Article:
In August 1863, a massive eight-inch Parrott cannon nicknamed the "Swamp Angel" fired a series of incendiary shells into the city of Charleston, S.C., from a nearby island. For two days, fiery shells fell upon Charleston, wreaking massive damage and forcing a partial evacuation of the city. But on the 36th shot, the eight-ton Swamp Angel exploded, ending its offensive capability forever.
One Civil War officer, Henry C. Wadsworth, decided in 1871 that the legendary Union cannon deserved to be remembered in a slightly different fashion. As part of Forehand & Wadsworth, an armsmaking firm located in Worcester, Mass., the Swamp Angel was quickly brought back to life - this time as a much smaller-scale repeater for personal protection.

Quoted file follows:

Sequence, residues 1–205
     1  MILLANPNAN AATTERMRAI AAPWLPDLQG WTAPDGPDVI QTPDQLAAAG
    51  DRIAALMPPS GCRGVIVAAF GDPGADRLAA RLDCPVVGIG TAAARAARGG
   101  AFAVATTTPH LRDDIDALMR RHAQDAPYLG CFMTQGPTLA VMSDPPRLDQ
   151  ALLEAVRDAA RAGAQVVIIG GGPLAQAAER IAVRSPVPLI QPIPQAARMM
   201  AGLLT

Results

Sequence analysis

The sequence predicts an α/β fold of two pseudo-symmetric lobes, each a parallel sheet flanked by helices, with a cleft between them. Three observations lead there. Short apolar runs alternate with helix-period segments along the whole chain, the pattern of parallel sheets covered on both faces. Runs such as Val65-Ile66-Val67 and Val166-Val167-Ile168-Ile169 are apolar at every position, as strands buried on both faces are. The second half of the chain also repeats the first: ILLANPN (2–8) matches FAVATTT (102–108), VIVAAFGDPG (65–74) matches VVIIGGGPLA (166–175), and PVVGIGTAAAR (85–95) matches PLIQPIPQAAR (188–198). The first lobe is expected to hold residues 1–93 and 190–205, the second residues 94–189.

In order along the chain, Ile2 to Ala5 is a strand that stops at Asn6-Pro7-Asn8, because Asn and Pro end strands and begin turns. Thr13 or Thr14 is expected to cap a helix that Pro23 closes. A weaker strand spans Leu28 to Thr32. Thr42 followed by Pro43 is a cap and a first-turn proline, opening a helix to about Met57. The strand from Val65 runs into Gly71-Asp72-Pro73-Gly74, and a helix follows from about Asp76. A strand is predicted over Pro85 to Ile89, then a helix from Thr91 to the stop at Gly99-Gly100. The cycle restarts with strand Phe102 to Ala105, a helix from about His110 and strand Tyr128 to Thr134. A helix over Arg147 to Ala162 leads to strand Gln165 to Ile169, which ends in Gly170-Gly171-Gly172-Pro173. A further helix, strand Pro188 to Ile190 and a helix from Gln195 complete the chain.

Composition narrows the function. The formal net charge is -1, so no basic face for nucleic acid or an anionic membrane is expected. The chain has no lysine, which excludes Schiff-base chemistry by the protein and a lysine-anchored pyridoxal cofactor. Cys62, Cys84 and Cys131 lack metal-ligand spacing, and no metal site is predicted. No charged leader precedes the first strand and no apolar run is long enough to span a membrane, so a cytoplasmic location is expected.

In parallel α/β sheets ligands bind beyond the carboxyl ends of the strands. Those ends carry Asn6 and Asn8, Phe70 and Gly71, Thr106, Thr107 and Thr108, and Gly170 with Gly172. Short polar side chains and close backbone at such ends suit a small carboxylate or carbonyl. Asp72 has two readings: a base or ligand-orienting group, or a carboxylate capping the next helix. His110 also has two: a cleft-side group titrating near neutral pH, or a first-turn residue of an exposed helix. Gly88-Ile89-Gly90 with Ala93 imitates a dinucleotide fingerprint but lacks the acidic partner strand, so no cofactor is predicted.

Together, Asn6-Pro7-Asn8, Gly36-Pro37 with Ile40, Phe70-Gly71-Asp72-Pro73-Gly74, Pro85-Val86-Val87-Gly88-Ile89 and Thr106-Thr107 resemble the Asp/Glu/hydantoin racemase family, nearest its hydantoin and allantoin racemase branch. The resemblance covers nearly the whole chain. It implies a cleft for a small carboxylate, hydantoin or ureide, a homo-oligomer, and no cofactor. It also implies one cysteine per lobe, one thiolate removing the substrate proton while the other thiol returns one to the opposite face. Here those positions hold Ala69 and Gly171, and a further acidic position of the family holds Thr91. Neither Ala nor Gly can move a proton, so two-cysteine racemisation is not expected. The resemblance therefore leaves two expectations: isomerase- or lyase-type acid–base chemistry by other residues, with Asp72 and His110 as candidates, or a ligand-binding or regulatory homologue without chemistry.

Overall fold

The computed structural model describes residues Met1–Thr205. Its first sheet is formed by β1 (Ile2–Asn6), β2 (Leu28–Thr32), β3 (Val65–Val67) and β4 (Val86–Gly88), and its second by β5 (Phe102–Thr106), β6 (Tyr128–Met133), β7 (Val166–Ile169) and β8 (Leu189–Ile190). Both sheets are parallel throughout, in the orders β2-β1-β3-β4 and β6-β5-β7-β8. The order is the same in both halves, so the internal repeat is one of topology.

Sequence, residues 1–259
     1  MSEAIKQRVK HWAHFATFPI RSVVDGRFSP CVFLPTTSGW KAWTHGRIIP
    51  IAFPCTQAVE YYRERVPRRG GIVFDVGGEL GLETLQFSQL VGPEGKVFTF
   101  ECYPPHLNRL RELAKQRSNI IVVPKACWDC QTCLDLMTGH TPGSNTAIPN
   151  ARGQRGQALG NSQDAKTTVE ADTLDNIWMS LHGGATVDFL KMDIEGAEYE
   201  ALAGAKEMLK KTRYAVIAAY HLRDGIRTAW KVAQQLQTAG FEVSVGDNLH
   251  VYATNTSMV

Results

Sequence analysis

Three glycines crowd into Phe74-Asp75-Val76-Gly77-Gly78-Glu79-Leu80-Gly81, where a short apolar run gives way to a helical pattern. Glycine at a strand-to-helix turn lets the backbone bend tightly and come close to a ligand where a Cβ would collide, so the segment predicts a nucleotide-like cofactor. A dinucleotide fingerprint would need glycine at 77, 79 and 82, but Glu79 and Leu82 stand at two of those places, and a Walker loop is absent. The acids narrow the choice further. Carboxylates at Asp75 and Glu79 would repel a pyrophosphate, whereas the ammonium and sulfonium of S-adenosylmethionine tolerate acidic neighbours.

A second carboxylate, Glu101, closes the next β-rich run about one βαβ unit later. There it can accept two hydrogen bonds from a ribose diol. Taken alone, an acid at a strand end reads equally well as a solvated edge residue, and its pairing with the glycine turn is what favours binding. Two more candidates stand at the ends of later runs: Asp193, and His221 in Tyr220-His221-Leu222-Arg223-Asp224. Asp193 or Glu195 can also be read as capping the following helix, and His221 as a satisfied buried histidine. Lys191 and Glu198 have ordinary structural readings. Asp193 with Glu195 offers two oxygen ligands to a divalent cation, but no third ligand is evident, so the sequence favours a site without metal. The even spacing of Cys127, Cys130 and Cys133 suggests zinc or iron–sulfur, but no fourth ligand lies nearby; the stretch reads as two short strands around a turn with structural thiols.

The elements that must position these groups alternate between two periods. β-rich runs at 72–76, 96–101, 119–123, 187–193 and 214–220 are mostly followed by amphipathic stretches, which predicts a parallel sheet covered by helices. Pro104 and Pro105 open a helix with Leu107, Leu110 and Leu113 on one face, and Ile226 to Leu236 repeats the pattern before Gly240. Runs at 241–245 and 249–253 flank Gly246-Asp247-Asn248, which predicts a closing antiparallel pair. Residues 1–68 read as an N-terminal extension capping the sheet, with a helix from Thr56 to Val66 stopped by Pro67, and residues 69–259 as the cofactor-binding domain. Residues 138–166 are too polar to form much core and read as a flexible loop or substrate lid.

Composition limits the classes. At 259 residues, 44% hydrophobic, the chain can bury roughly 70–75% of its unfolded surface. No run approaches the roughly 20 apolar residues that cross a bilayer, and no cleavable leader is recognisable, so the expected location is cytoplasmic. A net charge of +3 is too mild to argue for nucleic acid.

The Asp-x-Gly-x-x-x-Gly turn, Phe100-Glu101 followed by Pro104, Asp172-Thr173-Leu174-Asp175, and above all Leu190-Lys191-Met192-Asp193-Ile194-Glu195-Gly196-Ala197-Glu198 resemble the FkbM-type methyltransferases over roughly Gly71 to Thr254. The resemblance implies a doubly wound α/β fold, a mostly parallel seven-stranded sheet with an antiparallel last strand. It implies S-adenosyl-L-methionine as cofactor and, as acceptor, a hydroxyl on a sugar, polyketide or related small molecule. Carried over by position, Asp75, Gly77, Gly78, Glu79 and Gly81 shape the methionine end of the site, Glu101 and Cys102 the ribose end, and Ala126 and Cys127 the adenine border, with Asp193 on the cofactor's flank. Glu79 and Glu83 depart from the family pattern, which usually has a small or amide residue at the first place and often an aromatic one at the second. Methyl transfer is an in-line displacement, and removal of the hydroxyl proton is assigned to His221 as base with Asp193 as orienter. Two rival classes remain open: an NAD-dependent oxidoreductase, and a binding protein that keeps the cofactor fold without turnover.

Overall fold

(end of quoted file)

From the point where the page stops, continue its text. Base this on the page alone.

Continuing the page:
Forehand & Wadsworth's Swamp Angel was a spur-trigger revolver chambered for the stubby .41 rimfire cartridge. Short-barreled and fitted with a bird's-head shaped butt, the small revolvers were potent pocket powerhouses. This five-shot, gold-plated example, engraved and fitted with bone grips, is one of the more ornate Swamp Angels known to exist.
Reprinted from America's 1st Freedom, August 2006.